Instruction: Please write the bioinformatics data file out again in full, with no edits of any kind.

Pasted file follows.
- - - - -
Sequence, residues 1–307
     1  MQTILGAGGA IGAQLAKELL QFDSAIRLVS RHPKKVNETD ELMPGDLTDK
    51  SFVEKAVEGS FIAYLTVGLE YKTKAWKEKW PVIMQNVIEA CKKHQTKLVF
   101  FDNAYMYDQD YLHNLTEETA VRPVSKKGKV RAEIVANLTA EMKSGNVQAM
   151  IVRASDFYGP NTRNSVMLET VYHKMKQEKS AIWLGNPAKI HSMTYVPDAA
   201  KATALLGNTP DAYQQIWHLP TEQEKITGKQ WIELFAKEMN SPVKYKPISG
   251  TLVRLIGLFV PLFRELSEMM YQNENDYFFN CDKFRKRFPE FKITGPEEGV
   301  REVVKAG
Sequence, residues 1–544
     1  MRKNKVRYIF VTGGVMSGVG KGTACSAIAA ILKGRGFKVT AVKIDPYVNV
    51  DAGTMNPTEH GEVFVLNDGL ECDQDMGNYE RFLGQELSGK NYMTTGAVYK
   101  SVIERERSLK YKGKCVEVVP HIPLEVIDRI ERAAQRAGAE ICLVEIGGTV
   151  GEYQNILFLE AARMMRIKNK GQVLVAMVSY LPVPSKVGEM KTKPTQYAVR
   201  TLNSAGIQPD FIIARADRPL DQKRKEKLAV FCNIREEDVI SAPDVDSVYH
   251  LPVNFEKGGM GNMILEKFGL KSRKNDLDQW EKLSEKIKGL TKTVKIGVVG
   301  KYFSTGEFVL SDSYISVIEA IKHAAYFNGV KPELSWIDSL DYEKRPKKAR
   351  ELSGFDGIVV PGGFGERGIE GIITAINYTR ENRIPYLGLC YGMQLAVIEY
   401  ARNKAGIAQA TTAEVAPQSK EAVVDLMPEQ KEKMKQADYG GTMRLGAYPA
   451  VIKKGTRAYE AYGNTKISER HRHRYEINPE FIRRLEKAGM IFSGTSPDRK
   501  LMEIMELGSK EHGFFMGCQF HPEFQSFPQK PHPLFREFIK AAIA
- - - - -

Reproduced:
Sequence, residues 1–307
     1  MQTILGAGGA IGAQLAKELL QFDSAIRLVS RHPKKVNETD ELMPGDLTDK
    51  SFVEKAVEGS FIAYLTVGLE YKTKAWKEKW PVIMQNVIEA CKKHQTKLVF
   101  FDNAYMYDQD YLHNLTEETA VRPVSKKGKV RAEIVANLTA EMKSGNVQAM
   151  IVRASDFYGP NTRNSVMLET VYHKMKQEKS AIWLGNPAKI HSMTYVPDAA
   201  KATALLGNTP DAYQQIWHLP TEQEKITGKQ WIELFAKEMN SPVKYKPISG
   251  TLVRLIGLFV PLFRELSEMM YQNENDYFFN CDKFRKRFPE FKITGPEEGV
   301  REVVKAG
Sequence, residues 1–544
     1  MRKNKVRYIF VTGGVMSGVG KGTACSAIAA ILKGRGFKVT AVKIDPYVNV
    51  DAGTMNPTEH GEVFVLNDGL ECDQDMGNYE RFLGQELSGK NYMTTGAVYK
   101  SVIERERSLK YKGKCVEVVP HIPLEVIDRI ERAAQRAGAE ICLVEIGGTV
   151  GEYQNILFLE AARMMRIKNK GQVLVAMVSY LPVPSKVGEM KTKPTQYAVR
   201  TLNSAGIQPD FIIARADRPL DQKRKEKLAV FCNIREEDVI SAPDVDSVYH
   251  LPVNFEKGGM GNMILEKFGL KSRKNDLDQW EKLSEKIKGL TKTVKIGVVG
   301  KYFSTGEFVL SDSYISVIEA IKHAAYFNGV KPELSWIDSL DYEKRPKKAR
   351  ELSGFDGIVV PGGFGERGIE GIITAINYTR ENRIPYLGLC YGMQLAVIEY
   401  ARNKAGIAQA TTAEVAPQSK EAVVDLMPEQ KEKMKQADYG GTMRLGAYPA
   451  VIKKGTRAYE AYGNTKISER HRHRYEINPE FIRRLEKAGM IFSGTSPDRK
   501  LMEIMELGSK EHGFFMGCQF HPEFQSFPQK PHPLFREFIK AAIA